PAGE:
It’s panto season in London and the greatest show in town is undoubtedly the British general election result and the media reaction to it. In a priceless fairy tale mash-up Boris Johnson’s big bad wolf and his troupe of ugly sisters, evil stepmothers and nasty pirates have turned the tables on the morally pure princesses and charming princes of the MSM and it’s a pleasure to be alive.
I know schadenfreude is the popular term these days but I prefer comeuppance. German just doesn’t seem the right language to fully express the hilarious satisfaction induced by the chest–beating, eye-bulging, garment-rending, stupefication of the woke media in the face of Boris’ ‘stonking’ win. And I’m not even a fan of Boris.
In true panto tradition those saintly scribes of the MSM, especially The Guardian, ignored all the audience cries of ‘Watch out !’ and once again slipped on a gigantic banana skin and fell flat on their thin-skinned backsides. What a hoot! Give me, or more precisely, them, comeuppance any day.
The backlash began brewing as soon as the exit poll results were released and things were looking bad for Corbyn’s ‘communist lite’ Labour.
An early favourite was Johnson or Corbyn? What mattered was who voters hated least by The Guardian’s ‘parliamentary sketch writer’ John Crace.
The first version of Crace’s article focused on reactions to the exit poll with much of the expected claptrap, including:
The shark has well and truly been jumped and the truth has become a foreign country. And it’s the Tories who have been the worst offenders, adopting every trick out of the Steve Bannon/Donald Trump playbook. Why tell a small lie when you’re so much better off going big? And if you are caught out lying, never apologise. Just double down on it. Tell a lie often enough, then some people will believe it. And a substantial number had been dumb enough to fall for “Get Brexit done”. The most egregious lie of all.
So, once again it was Trump’s fault, along with ‘dumb’ voters who had just spoiled everything for the rest of those who know best and should be blindly obeyed. Wouldn’t you know it?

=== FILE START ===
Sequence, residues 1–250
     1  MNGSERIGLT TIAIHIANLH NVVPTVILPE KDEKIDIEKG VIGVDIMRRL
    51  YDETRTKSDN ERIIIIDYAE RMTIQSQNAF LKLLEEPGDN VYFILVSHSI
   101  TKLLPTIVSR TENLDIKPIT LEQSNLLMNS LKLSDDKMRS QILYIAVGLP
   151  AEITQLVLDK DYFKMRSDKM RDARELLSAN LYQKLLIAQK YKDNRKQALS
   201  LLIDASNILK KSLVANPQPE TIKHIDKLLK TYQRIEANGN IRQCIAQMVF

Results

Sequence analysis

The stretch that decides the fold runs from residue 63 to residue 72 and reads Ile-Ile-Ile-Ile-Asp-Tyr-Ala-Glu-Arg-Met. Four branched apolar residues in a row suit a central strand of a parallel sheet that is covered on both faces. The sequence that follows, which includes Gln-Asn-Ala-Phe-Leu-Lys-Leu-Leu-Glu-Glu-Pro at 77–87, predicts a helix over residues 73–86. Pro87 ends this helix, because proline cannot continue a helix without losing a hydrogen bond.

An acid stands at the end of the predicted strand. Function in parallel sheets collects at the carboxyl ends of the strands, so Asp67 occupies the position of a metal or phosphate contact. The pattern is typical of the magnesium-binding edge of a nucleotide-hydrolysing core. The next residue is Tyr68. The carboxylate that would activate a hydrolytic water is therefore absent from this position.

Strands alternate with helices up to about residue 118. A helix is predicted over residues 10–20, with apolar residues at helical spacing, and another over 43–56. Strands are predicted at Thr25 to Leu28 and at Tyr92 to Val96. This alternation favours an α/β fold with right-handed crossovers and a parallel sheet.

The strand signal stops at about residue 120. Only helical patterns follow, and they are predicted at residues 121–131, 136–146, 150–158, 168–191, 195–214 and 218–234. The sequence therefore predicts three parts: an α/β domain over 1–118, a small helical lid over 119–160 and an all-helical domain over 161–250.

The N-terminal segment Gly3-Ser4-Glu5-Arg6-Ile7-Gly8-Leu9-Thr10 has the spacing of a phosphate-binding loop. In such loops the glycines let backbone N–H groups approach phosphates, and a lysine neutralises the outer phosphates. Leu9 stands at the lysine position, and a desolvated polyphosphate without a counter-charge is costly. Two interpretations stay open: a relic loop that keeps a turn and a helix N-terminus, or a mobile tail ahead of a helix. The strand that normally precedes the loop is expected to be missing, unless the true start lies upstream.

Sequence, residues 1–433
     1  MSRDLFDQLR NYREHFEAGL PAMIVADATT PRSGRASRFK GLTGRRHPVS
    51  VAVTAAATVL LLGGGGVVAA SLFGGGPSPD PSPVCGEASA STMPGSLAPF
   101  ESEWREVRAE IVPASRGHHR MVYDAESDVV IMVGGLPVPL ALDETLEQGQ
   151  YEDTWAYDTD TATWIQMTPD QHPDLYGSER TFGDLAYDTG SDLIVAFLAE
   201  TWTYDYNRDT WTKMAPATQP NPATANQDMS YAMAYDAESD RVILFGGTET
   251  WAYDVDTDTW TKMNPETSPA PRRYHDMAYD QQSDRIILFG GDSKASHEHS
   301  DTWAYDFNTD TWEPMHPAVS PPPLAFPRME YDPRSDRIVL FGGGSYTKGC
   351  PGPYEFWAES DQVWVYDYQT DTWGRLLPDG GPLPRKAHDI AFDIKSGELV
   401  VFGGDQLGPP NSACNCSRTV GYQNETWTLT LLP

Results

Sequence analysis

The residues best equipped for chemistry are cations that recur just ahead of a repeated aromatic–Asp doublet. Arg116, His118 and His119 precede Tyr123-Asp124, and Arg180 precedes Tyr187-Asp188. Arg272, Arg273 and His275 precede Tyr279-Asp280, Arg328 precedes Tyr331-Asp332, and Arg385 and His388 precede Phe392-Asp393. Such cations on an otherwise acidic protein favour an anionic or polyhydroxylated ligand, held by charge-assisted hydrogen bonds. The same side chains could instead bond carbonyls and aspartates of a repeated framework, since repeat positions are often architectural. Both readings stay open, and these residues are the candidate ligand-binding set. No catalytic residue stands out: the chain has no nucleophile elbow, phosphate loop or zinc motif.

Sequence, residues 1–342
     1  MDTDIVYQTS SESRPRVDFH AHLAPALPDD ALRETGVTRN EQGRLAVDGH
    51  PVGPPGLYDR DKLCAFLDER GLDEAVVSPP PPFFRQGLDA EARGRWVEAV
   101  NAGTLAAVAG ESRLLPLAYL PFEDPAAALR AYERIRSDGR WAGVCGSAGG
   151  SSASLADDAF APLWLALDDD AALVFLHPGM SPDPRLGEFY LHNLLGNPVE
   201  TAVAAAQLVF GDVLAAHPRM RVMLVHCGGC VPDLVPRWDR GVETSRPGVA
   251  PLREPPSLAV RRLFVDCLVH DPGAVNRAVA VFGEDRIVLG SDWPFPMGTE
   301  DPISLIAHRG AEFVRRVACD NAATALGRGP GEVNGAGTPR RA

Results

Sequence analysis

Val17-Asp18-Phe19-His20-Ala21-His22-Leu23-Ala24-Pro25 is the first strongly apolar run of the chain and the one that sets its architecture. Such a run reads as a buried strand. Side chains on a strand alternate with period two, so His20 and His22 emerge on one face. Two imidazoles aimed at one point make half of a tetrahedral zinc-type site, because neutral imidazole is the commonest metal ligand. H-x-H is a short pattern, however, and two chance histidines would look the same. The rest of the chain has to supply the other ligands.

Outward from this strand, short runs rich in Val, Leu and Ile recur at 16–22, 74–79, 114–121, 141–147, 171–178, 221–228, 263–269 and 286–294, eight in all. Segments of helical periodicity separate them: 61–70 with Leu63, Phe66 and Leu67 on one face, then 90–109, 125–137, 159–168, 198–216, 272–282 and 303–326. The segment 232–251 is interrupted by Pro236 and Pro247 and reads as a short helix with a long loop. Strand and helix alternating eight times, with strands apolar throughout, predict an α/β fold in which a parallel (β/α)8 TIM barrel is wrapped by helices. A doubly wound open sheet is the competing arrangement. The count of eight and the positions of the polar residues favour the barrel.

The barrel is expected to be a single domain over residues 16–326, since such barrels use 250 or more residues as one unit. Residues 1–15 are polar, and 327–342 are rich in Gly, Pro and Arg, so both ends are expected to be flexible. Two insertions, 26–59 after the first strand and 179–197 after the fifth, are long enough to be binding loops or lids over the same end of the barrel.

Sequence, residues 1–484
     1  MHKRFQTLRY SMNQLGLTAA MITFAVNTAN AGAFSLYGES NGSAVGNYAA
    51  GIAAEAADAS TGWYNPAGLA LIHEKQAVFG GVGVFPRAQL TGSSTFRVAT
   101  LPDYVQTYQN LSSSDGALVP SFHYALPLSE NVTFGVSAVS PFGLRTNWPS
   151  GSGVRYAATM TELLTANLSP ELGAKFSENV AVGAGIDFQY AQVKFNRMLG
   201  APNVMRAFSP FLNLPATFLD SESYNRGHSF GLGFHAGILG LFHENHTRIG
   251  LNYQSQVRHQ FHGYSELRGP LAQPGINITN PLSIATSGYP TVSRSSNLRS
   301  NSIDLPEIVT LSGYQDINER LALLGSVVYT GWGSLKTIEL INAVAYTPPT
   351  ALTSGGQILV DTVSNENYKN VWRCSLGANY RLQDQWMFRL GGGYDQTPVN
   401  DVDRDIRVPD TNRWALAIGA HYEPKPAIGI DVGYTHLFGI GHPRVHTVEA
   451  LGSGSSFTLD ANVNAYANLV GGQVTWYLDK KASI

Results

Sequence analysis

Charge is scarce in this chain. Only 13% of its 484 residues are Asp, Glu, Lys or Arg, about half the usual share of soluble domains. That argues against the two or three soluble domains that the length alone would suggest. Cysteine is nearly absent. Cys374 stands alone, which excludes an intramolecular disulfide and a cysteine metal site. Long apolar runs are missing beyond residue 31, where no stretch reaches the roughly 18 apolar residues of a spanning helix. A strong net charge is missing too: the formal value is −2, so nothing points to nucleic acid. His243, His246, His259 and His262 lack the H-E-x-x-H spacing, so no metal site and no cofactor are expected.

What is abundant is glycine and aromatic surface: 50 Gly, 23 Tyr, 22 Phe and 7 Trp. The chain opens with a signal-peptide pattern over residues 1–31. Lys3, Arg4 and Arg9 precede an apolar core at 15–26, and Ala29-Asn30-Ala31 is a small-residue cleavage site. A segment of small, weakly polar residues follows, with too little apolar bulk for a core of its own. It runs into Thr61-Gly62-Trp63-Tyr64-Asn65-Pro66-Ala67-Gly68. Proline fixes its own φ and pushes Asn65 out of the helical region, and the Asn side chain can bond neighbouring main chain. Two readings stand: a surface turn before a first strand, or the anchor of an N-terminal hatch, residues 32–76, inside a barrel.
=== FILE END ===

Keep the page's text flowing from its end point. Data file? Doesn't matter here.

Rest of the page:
The best takeout from the article’s original version mysteriously disappeared from the updated version you can currently read on The Guardian website. Lucky for you, after much searching I managed to find the original version still floating around on Nine MSN. It would be a shame for you to miss such a pearl of a paragraph:
Jo Johnson bravely tried to insist that he was very pleased it was turning into such a good night for his brother. But his eyes told a different story. He knows his brother better than almost anyone. And he knows him to be a fraud. A narcissist for whom lying has always been the default setting.
In the face of an apparently sincere comment from the PM’s brother, Crace’s delusional delving found ‘lying eyes’. Perhaps his job description should be updated to ‘parliamentary mind reader’.
But it is another Guardian favourite, George Monbiot who tried to elevate maudlin musing to analysis, even tweeting on the night :
We have each other. No one needs to face this setback alone. We are the resistance now.
Along with a link to the gospel song and protest anthem, We Shall Overcome. How very 1960s.
The analysis in his piece, Out of this darkness we must find the will to fight back, included the following:
Solidarity is going to be crucial over the coming months. We should seek, wherever possible, to put loyalty to party and faction aside, and work on common resolutions to a crisis afflicting everyone who wants a kinder, fairer, greener nation.
Those who govern us would love to keep us in ignorance. When they deride “elites”, they don’t mean people like themselves – the rich and powerful. They mean teachers and intellectuals. They are creating an anti-intellectual culture, to make people easier to manipulate. Let’s reinvigorate the workers’ education movements. Let’s restore a rich public culture of intellectual self-improvement, open to everyone. Knowledge is the most powerful tool in politics.
So, in other words, if only all those dumb people who didn’t vote for Labour were educated properly things would be ‘kinder, greener and fairer’. The socialist utopia isn’t dead, it has merely been delayed.
In another Guardian piece, one wonders how Marina Hyde managed to type at all, considering how difficult that must be with your middle finger so far extended.
The overblown scattergun vitriol in her article, This was a stunning victory for the bullshit-industrial complex, contained a number of blistering bon mots, which were all clearly aimed at Johnson et al and the hapless Corbyn. But implicit in this criticism is always the dog-whistling of which the left-leaning media is always accusing those on the right. That middle finger is inevitably pointed simultaneously at anyone capable of voting for the racist, xenophobic, capitalist policies of those with whom they disagree.
Solemnly, Gove announced that Britain’s Jews “should never have to live in fear again”. Britain’s Muslims, not so much, given the prime minister’s multiple racisms on that and other fronts…
The Tory programme for government was not so much a manifesto as a Mumsnet “Am I being unreasonable?” thread.
Johnson announced his intention to bring the country back together, presumably by walling us in and forcing us to till his sunlit uplands.
Through work commitments I missed a lot of the ‘pass the popcorn’ moments of Trump’s 2016 election, more’s the pity. Not this time. I have staked places in front of the computer and on the lounge in front of the TV. I’m determined not to miss one delicious moment.
As they say in the woke classics. Karma’s a bitch.
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